B747 Premium Tour - is not cheap but involves a "comprehensive tour of the record-breaking VH-OJA, hosted by experienced former engineers and operating crew of this aircraft – Pilot, Engineer and Cabin Crew. This is a detailed exposition of the aircraft and involves exploration of the Cargo holds, Electronic Equipment Centre and a “power on” tour of the Flight Deck."
B747 Cockpit Tour - slightly cheaper than the Premium Tour if offers "an hour in the cockpit of VH-OJA hosted by a pilot who will explain the cockpit in detail and will take you through normal and non-normal procedures." Each tour is restricted to two participants.
B747 Wing Walk - a walk along the right wing for about 16 metres. The tour is restricted to six participants.
In December, 2017 it was announced that actor John Travolta had gifted his ex-Qantas plane, a Boeing 707 which bears the registration 707JT, to HARS. The Illawarra Mercury reported that "At the time, Travolta – a qualified pilot and Qantas ambassador – said the plane needed "a lot of work to be restored to a safe flying state. Having seen first hand the dedication and passion of people at HARS, I have no doubt this beautiful and historical aircraft will be flying again."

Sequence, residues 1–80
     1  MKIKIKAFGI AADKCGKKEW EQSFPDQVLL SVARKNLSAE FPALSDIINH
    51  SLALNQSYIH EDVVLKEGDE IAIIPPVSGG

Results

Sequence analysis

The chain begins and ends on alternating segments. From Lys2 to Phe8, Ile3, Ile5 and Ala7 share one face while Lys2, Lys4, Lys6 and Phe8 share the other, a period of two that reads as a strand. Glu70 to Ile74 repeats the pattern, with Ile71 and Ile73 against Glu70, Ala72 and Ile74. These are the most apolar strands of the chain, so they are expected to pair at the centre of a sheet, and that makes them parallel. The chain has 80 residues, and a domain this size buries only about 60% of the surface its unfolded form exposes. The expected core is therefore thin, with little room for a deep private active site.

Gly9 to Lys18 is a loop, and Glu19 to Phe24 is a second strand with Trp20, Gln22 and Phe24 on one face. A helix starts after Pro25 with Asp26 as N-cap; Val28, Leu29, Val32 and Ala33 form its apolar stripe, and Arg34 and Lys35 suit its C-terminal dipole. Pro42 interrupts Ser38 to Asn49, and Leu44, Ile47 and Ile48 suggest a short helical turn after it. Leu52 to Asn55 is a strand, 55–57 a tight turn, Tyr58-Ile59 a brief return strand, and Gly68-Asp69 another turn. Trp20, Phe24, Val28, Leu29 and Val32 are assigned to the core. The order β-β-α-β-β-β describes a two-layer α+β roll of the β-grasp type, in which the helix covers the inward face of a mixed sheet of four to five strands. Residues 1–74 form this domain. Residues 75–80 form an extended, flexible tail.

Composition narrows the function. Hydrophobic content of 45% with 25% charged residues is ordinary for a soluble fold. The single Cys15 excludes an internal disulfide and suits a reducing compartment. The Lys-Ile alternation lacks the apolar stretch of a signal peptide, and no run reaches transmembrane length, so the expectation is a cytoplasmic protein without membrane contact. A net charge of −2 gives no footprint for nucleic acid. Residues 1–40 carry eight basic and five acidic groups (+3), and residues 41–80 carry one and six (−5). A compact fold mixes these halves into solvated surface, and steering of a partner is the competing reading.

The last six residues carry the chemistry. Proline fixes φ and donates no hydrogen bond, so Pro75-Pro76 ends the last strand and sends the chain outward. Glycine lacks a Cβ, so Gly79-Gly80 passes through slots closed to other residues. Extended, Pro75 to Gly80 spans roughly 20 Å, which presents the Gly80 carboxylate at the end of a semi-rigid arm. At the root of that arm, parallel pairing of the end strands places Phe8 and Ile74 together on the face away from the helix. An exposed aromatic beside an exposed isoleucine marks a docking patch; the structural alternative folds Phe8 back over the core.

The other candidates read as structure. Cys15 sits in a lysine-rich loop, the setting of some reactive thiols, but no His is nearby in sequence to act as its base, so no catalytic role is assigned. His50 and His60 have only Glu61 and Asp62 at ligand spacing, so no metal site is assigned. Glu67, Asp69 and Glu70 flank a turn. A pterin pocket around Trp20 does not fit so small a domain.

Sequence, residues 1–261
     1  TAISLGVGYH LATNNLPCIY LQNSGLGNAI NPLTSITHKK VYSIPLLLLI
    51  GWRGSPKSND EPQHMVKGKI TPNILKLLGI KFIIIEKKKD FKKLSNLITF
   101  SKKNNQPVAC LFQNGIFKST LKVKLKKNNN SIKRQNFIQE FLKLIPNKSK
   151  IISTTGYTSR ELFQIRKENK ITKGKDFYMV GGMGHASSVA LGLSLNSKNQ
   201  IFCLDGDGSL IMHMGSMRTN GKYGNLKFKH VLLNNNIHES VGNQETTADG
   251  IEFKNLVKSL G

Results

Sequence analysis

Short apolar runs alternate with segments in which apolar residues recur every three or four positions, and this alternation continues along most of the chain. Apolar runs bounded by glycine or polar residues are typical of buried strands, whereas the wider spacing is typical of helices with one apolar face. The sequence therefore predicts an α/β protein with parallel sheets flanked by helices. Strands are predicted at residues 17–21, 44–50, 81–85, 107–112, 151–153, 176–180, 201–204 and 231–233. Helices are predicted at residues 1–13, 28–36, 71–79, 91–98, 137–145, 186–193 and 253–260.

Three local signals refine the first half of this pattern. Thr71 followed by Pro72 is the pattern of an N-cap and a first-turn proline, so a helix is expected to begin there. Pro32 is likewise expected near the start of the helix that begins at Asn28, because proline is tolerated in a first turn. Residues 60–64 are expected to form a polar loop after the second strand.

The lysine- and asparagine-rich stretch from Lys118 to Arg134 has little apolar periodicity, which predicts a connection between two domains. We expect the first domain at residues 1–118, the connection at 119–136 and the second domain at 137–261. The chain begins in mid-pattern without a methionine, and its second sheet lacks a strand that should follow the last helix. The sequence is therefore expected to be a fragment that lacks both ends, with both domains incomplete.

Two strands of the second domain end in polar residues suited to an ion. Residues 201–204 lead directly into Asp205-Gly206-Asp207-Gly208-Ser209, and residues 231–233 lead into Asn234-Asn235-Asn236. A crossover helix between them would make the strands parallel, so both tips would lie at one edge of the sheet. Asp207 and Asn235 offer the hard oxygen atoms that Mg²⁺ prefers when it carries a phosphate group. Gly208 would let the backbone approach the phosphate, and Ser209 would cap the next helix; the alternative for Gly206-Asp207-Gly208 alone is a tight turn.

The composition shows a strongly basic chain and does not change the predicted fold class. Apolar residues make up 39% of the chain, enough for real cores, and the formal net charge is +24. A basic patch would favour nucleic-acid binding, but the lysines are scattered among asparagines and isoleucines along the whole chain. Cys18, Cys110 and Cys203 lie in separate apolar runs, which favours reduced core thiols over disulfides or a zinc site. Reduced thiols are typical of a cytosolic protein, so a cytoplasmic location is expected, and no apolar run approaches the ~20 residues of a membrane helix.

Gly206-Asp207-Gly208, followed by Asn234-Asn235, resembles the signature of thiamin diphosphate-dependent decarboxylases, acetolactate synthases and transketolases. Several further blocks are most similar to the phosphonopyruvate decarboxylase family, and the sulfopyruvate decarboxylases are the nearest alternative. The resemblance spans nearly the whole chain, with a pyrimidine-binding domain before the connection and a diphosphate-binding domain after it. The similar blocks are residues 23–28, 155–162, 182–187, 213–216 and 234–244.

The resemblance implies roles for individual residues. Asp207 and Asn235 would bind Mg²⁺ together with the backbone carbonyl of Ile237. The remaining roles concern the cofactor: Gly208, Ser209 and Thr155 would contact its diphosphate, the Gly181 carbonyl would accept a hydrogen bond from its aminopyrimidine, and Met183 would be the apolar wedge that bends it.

The project will cost more than the initial $1 million estimate and there are "still many challenges and obstacles".
A spokesperson for HARS said: "We've only just been given a reasonable picture of what works need to be done with the aeroplane, so we're just evaluating all that at the moment. It's many millions of dollars. We didn't expect anything less, but now that we know what we need to find we can break it down and work with the people who have shown interest in what we're doing." The task of getting the plane ready to fly would take 120 days, at least, but when it is ready to fly to Australia some time in 2018, Travolta will accompany it from the United States.